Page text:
It has been a long time since I’ve posted about this, and I’ve had a couple questions over the last few months. So here goes: author names and pen names, what’s the deal?
At one point, a woman who actually got her work into print was a rare bird. Many early female novelists chose to write under a pen name — or were forced to by their editors and publishers — as a way to avoid coming into the public eye for reasons that ranged to modesty and privacy to sales. There’s a good article here that provides an interesting list of early women writers and their pen names.
Today people write under pen names for a wide variety of reasons, and sexism is still one of them. A man writing romance will often use a female pseudonym, in the same way a woman writing techno thrillers might use a man’s name or just initials. Julie Ann Jones – J.A. Jones – which one would be shelved next to Tom Clancy?
There are occasional cases of writers who are too prolific. Yes, I mean that they produce too much publishable stuff. Imagine such a problem, would you? Stephen King and Joyce Carol Oates are two writers who fall into this category. They are both famous enough that they don’t have to resort to pen names. King did use a pen name at one point in his career; I don’t know about Oates. This reminds me of the Mathematician, who insisted we tell the Girlchild the truth about Santa Claus when she was four. His reasoning: Santa Claus was getting all the credit, and it wasn’t fair. I still have to laugh when I think about that conversation. The girlchild scowled splendidly, crossed her arms, and said I suppose this means the Easter Bunny isn’t real either.
Sometimes an author will take a pen name to help flagging sales by getting a fresh start. Sometimes simple privacy is the issue.
And sometimes a publisher will push the idea of a pen name for purely marketing reasons. This is why I write fiction under two names. When Into the Wilderness and Homestead sold within three months of each other, the publishers were worried about what they call ‘confounding reader expectations.’ Translation:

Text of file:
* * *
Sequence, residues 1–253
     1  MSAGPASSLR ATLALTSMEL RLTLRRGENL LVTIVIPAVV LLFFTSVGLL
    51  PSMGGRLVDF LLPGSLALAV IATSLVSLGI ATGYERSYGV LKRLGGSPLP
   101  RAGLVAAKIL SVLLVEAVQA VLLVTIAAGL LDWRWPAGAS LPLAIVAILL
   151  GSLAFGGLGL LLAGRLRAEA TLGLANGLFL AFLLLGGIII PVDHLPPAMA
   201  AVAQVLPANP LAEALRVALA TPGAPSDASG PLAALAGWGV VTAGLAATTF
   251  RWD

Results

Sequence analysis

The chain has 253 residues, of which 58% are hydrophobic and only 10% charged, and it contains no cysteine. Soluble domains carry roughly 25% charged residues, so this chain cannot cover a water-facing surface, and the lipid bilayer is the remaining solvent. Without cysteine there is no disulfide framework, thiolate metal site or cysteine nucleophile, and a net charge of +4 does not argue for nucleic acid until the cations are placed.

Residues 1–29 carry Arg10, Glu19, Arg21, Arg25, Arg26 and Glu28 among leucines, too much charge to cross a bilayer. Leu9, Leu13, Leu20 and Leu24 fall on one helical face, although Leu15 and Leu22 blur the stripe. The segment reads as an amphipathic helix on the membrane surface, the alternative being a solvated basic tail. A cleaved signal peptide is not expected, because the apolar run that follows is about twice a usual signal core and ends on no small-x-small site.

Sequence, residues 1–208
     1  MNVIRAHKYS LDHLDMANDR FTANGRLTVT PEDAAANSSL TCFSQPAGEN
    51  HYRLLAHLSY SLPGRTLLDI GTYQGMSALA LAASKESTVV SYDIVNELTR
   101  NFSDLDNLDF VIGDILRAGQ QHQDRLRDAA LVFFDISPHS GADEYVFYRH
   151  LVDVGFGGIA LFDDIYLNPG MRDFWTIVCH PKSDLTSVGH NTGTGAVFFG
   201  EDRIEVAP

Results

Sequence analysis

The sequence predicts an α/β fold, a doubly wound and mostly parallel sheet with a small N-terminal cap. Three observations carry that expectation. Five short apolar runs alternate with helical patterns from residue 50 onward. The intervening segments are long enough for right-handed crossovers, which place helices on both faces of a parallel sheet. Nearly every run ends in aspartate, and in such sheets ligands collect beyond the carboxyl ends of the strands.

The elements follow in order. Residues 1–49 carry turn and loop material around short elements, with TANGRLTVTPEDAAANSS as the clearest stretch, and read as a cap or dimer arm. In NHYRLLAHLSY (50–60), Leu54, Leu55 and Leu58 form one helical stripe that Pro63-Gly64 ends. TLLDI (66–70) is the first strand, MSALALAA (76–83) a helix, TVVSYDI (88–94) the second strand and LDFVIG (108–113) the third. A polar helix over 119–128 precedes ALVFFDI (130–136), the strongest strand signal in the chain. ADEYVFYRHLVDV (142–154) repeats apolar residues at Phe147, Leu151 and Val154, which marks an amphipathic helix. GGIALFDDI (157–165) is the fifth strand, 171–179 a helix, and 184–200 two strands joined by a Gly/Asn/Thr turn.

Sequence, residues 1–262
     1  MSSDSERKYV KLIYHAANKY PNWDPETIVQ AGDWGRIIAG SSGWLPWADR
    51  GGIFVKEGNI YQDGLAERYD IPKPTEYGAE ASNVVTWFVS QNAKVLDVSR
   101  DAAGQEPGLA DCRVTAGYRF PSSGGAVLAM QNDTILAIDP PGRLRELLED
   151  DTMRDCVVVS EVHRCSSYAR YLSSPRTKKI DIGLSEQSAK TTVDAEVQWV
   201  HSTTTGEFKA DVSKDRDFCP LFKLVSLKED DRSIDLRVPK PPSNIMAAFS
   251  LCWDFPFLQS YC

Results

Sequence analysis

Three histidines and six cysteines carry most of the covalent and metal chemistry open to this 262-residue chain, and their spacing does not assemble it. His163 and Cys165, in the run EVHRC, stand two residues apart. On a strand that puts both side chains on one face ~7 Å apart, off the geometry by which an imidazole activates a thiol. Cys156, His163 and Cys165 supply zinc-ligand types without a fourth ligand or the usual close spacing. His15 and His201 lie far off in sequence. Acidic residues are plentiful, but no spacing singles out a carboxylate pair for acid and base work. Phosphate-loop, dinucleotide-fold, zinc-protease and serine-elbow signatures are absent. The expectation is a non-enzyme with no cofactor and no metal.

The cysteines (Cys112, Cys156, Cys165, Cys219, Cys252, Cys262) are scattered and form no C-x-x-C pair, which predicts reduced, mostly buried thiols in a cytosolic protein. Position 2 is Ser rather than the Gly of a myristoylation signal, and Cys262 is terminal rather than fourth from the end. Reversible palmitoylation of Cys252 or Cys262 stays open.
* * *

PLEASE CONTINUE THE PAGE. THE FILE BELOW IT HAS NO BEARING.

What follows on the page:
Reader X loves your work and is excited to see you have a new book out. There is a great rushing about as Reader X tracks down this new book, and then anticipation when s/he sits down to read. Reader X is shocked. Shocked, I tell you, to realize that this is not another serial killer/mystery, but a novel about lady golfers in the thirties. In my case, Homestead came out first and Bantam was worried that readers would find the jump from a quiet book of linked stories to historical adventure/romance too much to negotiate.
Picking a pen name is not particularly straight forward. Publishers prefer something in the middle of the alphabet, so your book will show up in the middle rather than a far-end of the display, where people are less likely to see it. That is, if your last name is Zombrowski or Aaron, your publisher may ask you to consider something in the D-L range.
Anastasia Gianbatista is in the right part of the alphabet, but this would not be a good pen name. Imagine your book takes off (despite the fact that readers can’t remember how to spell your last name). Imagine sitting at a table signing two hundred copies of your book. You will regret Anastasia Gianbatista. You will contemplate the beauty of a minimalist name. This, I can promise you.
Readers have pointed out that a pen name may have a negative effect. I have heard any number of times something like: you write under two names?!?!!! I’ve missed all those other books? Oh no! Which is why I make no secret of my pen name, and try to be as transparent as possible.
Do you know what pen name you would use, if asked?